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Shifting in a Triangle
#46
arocarty Wrote:
David Wrote:I think the visual system requires a certain amount of data in order for it to be able to orient and focus correctly. And I think the only way it can get enough data to orient itself is if there is a fast enough stream of data. And I think a new set of data for that data stream is created each time the eyes make a tiny shift. That last part might be known and verified somewhere online, but I admit that's a lot of maybes.

It may not be that the data set is always so new; with a very tiny shift it would be almost identical, but that it is then processed and transmitted in turn by different photocells. So, even though there's sometimes an almost identical image on the retina, the refreshment requirement is being fulfilled because different cells are taking turns processing the input with each movement.

That being said, however, the rods in the periphery require a somewhat larger shift to be refreshed, which is why the peripheral can fade out some time before the central cones, which are structurally closer together. So what satisfies central vision may not always satisfy the peripheral (and cause some form of 'tunnel vision').

How fast is fast enough? Like many other aspects of the visual system, there's probably a lot of inter-individual variation. We don't have direct control over our involuntary fixation movements (MIcro-saccades, tremor, and drift). We do have control over voluntary saccades, but even with those, we don't want to compromise too much detail for speed. Bates observed that trying to shift more than a few times a second would begin to cause strain. So in terms of our voluntary movements, it can be counterproductive if we try to shift too fast.

I didn't know that about the rods requiring a larger shift. That does make sense, with the way you can create tunnel vision by looking at a small area for too long without glancing away far enough. And one glance will do it - I believe Bates mentioned that people with good vision will periodically glance away from a small area they're studying even if they don't realize they're doing it. I feel like I should be studying those kinds of things already known in optics and physiology and neurology and wade through the useless stuff (useless for our purposes, anyway) in order to find important things like that.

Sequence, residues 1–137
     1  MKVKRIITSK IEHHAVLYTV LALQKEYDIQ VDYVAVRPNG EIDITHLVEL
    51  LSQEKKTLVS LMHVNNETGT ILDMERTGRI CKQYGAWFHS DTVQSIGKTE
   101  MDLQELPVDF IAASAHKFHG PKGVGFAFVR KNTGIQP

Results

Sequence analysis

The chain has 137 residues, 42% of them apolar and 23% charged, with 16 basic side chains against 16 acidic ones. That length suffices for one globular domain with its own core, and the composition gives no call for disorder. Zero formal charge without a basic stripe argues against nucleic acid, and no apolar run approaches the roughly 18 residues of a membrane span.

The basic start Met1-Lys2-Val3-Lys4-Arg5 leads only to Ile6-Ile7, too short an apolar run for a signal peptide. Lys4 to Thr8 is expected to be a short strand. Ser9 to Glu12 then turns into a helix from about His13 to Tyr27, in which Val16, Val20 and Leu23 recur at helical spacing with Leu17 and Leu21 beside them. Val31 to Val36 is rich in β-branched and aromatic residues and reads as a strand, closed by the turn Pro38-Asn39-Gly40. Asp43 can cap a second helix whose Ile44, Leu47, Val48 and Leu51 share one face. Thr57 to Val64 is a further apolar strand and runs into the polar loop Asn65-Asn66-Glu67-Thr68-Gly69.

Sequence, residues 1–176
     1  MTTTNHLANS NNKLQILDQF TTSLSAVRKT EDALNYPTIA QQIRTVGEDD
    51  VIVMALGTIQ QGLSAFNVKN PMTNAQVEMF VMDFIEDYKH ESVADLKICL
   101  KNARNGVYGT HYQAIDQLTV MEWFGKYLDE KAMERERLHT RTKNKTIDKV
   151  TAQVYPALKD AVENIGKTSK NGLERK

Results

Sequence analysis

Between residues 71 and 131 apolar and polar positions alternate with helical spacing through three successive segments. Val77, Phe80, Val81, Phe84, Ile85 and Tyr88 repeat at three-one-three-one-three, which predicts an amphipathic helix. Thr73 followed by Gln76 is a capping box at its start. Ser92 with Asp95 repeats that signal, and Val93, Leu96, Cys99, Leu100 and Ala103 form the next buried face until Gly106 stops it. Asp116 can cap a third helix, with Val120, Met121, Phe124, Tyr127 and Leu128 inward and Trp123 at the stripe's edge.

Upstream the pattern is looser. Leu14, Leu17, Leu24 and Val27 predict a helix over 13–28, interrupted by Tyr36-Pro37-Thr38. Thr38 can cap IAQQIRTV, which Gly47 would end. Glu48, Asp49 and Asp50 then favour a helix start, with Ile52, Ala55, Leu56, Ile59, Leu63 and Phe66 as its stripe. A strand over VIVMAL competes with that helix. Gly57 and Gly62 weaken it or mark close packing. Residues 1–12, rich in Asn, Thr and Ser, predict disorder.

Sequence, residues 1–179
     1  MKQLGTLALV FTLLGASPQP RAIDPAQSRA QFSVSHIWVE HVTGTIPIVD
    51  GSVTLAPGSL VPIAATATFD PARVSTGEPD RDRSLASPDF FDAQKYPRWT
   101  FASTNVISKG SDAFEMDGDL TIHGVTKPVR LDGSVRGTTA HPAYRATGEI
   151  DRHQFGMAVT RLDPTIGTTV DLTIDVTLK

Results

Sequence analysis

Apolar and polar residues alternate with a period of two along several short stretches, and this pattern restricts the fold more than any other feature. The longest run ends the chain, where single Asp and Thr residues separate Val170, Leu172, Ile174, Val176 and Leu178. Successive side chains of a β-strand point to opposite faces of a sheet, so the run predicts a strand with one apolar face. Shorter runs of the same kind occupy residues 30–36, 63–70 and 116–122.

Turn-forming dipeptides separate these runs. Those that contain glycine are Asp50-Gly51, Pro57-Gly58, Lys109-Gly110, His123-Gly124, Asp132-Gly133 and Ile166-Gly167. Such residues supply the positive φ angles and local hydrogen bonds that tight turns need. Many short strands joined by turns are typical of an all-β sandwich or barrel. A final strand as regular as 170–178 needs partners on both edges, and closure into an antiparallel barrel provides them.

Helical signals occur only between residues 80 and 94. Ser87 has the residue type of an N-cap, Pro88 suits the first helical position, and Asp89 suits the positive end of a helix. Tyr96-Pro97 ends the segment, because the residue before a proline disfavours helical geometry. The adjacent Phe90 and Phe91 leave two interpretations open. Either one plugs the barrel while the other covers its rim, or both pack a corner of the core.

As far as fast enough, I don't remember offhand Bates saying a few times a second (any idea?), but that does sound roughly right. It's always nice to verify things like that, even if Bates did put a lot of time into the research. I don't know, I have a hard time counting. I think faster than 3 or 4 times a second is possible, but that's certainly enough to start with anyway, and a lot better than 1 per second. At some point the saccades and microsaccades kind of start meshing together as the distance and frequency of each gets closer, so that makes it hard to count too.
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"Half of our funny, heathen lives, we are bent double to gather things we have tossed away." - George Meredith
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#47
this was already said in the blogs.... also the information you gave us was shown in the book, Perfect Sight without glasses, except the information below the picture of the eye chart. but i don't know where you got the below information from. the above, i didn't understand it when i've read it from the book though.
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#48
David Wrote:That does make sense, with the way you can create tunnel vision by looking at a small area for too long without glancing away far enough. And one glance will do it - I believe Bates mentioned that people with good vision will periodically glance away from a small area they're studying even if they don't realize they're doing it.

Yes, interspersing longer glances away will help keep those peripheral cells more engaged. Sometimes, when driving, for instance, I find myself getting hung up on fixating too long on a tiny spot (like the little tail
light of the vehicle in front of me), I'll make a few shifts from one side of the road to another, and I find it helps gets my 'full' field of vision back on track, more engaged.

David Wrote:As far as fast enough, I don't remember offhand Bates saying a few times a second (any idea?), but that does sound roughly right. It's always nice to verify things like that, even if Bates did put a lot of time into the research. I don't know, I have a hard time counting. I think faster than 3 or 4 times a second is possible, but that's certainly enough to start with anyway, and a lot better than 1 per second

I probably took that a little out of context. Bates talked about it in his book in the chapter on Shifting and Swinging. He was mainly referring to being able to realize the swing, if shifting was too fast:

Chapt. 15

"Shifting may be done slowly or rapidly, according to the state of the vision. At the beginning the patient will be likely to strain if he shifts too rapidly; and then the point shifted from will not be seen worse, and there will be no swing. As improvement is made, the speed can be increased. It is usually impossible, however, to realize the swing if the shifting is more rapid than two or three times a second."